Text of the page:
Ileitis is likely causing losses in your swine herd, and you may not even know it. Research shows that 80 to 100 percent of pigs are infected with Lawsonia intracellularis, the bacteria that causes ileitis.1 That kind of prevalence costs the U.S. swine industry more than $100 million annually and could be costing you up to $10 per head in reduced feed intake, average daily gain and feed conversion efficiency.1
The bacteria L. intracellularis is introduced into the pig’s intestines through fecal ingestion. Once there, it multiplies and causes lesions to form in the intestinal wall. These lesions reduce absorption of nutrients and water, which can quickly impact pig growth and performance. Research also shows that increased severity of lesions in the gut and diarrhea correlate to higher amounts of bacterial shedding, further perpetuating the disease in the herd.2
Clinical symptoms of the disease – diarrhea and slowed growth – are more commonly seen in younger pigs, while acute ileitis is most prevalent in older finishing pigs, gilts and sows, explained Dr. Jessica Seate, swine technical manager for Boehringer Ingelheim. “The real problem with ileitis is the animals that have the subclinical, or hidden, stage of the disease. They may experience reduced weight gain without showing any other signs.”
Ileitis can affect weight gain in pigs of all ages, but the biggest impact is on those from late nursery to finishing, she said. “That’s when daily weight gain is critical for optimizing growth and animal health.”
Most effective prevention
Vaccination is the most effective, efficient way to protect pigs from the costly impact of ileitis. Vaccinating the whole herd helps to boost overall herd immunity, said Dr. Seate. “Improved gut health throughout the herd also helps to reduce the impact of secondary pathogens.”
But not all vaccines deliver the same controlled results, she added. “A modified-live vaccine more closely mimics the disease than a killed vaccine does, which allows it to provide faster, more robust immune response in the animal and provide a longer duration of immunity.”
A recent study demonstrated that Enterisol® Ileitis, the only commercially available modified-live oral ileitis vaccine provided more effective protection against ileitis than a leading injectable killed vaccine.3
The right vaccine
Previous research has shown a strong correlation between the presence of intestinal lesions caused by L. intracellularis and reduced pig growth and performance.2,4 The latest study compared the presence and severity of lesions found in the intestines of weaned pigs split into three groups – one receiving an oral dose of Enterisol® Ileitis, the second receiving an intramuscular injection of Porcilis® Ileitis and a third control group receiving no vaccine. All pens were exposed to seeder pigs which were challenged with L. intracellularis at 12 weeks post weaning.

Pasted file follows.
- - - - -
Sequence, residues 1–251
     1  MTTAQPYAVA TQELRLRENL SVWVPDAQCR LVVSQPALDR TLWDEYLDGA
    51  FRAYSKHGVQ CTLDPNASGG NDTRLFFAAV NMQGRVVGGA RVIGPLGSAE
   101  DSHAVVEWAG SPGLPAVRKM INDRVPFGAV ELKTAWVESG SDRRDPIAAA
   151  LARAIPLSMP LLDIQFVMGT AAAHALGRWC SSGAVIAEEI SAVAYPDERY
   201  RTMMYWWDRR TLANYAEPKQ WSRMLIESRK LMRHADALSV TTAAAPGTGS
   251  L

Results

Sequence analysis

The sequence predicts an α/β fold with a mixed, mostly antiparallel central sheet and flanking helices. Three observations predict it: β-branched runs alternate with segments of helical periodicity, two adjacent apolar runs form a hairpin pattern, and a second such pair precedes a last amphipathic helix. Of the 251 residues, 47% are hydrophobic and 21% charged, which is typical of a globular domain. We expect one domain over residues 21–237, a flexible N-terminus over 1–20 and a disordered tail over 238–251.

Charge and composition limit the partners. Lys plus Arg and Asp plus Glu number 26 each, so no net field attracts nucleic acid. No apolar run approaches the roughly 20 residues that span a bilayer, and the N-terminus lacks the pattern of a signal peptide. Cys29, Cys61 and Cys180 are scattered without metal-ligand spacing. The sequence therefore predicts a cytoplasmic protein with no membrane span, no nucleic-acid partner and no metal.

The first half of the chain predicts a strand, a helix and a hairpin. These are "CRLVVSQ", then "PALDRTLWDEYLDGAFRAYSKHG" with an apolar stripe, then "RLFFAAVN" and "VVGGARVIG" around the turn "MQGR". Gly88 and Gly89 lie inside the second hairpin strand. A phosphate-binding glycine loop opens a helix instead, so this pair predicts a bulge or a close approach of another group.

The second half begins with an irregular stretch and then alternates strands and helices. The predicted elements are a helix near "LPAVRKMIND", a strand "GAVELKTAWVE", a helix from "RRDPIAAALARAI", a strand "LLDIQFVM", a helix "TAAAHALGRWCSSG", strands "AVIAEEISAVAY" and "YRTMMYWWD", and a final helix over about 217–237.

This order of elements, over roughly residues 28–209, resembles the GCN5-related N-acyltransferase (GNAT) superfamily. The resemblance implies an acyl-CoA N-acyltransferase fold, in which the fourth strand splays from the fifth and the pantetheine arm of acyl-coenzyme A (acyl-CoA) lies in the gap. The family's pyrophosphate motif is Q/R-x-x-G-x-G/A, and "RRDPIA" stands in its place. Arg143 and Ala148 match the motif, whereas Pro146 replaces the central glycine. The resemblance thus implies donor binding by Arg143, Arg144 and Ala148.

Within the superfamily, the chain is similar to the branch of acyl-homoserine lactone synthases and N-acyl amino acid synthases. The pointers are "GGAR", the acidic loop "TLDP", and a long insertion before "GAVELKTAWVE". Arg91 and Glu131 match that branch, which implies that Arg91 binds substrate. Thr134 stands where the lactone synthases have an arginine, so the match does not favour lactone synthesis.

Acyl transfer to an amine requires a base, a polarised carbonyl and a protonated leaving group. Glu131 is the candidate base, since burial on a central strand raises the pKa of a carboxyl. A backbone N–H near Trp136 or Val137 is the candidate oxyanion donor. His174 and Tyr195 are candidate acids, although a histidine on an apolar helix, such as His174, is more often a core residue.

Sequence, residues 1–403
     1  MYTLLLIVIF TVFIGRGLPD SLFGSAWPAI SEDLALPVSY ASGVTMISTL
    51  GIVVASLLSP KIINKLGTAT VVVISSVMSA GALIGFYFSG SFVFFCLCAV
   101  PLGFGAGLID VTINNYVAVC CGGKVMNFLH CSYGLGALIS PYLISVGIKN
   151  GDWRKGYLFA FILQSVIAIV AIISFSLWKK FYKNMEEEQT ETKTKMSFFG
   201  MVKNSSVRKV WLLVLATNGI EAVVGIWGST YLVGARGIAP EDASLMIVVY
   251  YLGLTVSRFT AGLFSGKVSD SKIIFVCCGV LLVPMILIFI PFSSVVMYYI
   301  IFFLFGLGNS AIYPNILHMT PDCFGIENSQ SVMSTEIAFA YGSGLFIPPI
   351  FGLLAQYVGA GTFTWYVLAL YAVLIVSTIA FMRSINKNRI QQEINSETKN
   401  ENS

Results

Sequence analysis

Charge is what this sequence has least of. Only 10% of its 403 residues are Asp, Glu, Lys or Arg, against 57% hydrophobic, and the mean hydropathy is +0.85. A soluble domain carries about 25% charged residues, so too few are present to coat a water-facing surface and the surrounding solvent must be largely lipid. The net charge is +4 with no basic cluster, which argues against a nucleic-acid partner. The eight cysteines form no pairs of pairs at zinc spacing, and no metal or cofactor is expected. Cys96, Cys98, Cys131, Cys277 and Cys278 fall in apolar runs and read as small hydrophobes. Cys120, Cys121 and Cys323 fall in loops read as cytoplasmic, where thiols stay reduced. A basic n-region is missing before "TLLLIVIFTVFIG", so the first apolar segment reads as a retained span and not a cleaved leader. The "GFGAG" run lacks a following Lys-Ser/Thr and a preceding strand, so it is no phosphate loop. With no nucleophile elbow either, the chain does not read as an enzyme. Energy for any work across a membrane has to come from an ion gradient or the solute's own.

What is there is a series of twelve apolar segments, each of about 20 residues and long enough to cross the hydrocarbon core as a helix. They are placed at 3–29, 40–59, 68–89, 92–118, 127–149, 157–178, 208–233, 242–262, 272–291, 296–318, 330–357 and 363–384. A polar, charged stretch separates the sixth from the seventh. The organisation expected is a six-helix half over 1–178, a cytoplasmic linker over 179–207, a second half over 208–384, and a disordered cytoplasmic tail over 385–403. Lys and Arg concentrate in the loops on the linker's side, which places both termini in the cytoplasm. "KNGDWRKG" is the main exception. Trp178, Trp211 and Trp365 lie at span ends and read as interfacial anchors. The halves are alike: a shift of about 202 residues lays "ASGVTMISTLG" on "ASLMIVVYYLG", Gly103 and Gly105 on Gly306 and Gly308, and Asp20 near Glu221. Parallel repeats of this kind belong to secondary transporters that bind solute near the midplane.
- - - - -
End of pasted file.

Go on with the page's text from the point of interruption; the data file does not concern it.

Four weeks later, necropsy results from pigs randomly selected from each pen that were indirectly challenged from the seeder pigs showed that, while all pigs had microscopic lesions in the ileum sections of the intestine, those vaccinated with Enterisol® Ileitis were 99.33 percent lesion-free versus Porcilis® Ileitis-treated pigs that developed more severe lesions (43.33 percent IHC positives) or non-treated (63.33 percent IHC positives) groups. Pigs vaccinated with Enterisol® Ileitis had no lesions in the cecum section compared to 3.33 percent in pigs treated with Porcilis® Ileitis and 13.33 percent in non-treated pigs. Previous studies have demonstrated that with increased prevalence and severity of ileocecal lesions there is a decreased in pig performance.2,4
“Because it’s orally administered through the water supply, Enterisol® Ileitis builds immunity right where the bacteria live and infect,” explained Dr. Seate. “Antibodies are created in the gut more rapidly to build immunity right where additional infections might occur.
“Ileitis can quickly start to steal profits from a hog operation,” she added. “Producers need to get ahead of the disease, and a robust vaccination program is their most effective tool.”
For more information on Enterisol® Ileitis, talk to your veterinarian, your BI sales representative or visit http://www.bi-vetmedica.com/species/swine/products/enterisol_ileitis.html.
1 Agriculture 2013, 3, 536-555; doi:10.3390/agriculture3030536.
2 Burrough ER, Rotolo ML, Gauger PC, et al. Correlation of Lawsonia intracellularis semi-quantitative fecal polymerase chain reaction assay results with the presence of histologic lesions of proliferative enteropathy and positive immunohistochemical staining. J Swine Health Prod. 2015. 23(4):204-207.
3 Dee S, Nerem J, Hanson D, Seate J, Wetzell T, Edler R, Schmaling E. Comparison of intestinal lesions between Enterisol® Ileitis and Porcilis® Ileitis using a Lawsonia intracellularis mucosal homogenate seeder pig challenge model. 2015. Pipestone Veterinary Services, Pipestone, MN. Boehringer Ingelheim Vetmedica, Inc., St. Louis, MO.
4 Collins, AM, Barchia IM. The critical threshold of Lawsonia intracellularis in pig feces that causes reduced average daily weight gains in experimentally challenged pigs. Vet. Microbiol. 2013.12.003.
Enterisol is a registered trademark of Boehringer Ingelheim Vetmedica GmbH. Porcilis is a registered trademark of Merck Animal Health. Ó2017 Boehringer Ingelheim Vetmedica, Inc.